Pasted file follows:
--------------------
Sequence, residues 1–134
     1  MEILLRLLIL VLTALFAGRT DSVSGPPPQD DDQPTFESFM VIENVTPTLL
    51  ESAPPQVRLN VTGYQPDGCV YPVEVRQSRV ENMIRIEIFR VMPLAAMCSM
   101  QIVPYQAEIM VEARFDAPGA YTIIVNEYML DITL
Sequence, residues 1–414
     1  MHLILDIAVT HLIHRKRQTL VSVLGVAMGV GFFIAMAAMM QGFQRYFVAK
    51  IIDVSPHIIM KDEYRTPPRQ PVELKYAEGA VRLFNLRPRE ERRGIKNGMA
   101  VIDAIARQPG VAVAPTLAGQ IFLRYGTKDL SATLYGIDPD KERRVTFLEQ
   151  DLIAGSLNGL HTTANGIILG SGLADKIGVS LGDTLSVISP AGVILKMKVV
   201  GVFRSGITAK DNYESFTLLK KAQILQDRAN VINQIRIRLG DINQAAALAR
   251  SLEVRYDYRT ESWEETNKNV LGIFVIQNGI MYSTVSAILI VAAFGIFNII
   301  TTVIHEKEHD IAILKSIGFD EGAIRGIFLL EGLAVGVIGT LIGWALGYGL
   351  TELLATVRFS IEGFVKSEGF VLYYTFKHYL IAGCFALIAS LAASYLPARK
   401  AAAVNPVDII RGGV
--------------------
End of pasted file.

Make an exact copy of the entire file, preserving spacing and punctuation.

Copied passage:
Sequence, residues 1–134
     1  MEILLRLLIL VLTALFAGRT DSVSGPPPQD DDQPTFESFM VIENVTPTLL
    51  ESAPPQVRLN VTGYQPDGCV YPVEVRQSRV ENMIRIEIFR VMPLAAMCSM
   101  QIVPYQAEIM VEARFDAPGA YTIIVNEYML DITL
Sequence, residues 1–414
     1  MHLILDIAVT HLIHRKRQTL VSVLGVAMGV GFFIAMAAMM QGFQRYFVAK
    51  IIDVSPHIIM KDEYRTPPRQ PVELKYAEGA VRLFNLRPRE ERRGIKNGMA
   101  VIDAIARQPG VAVAPTLAGQ IFLRYGTKDL SATLYGIDPD KERRVTFLEQ
   151  DLIAGSLNGL HTTANGIILG SGLADKIGVS LGDTLSVISP AGVILKMKVV
   201  GVFRSGITAK DNYESFTLLK KAQILQDRAN VINQIRIRLG DINQAAALAR
   251  SLEVRYDYRT ESWEETNKNV LGIFVIQNGI MYSTVSAILI VAAFGIFNII
   301  TTVIHEKEHD IAILKSIGFD EGAIRGIFLL EGLAVGVIGT LIGWALGYGL
   351  TELLATVRFS IEGFVKSEGF VLYYTFKHYL IAGCFALIAS LAASYLPARK
   401  AAAVNPVDII RGGV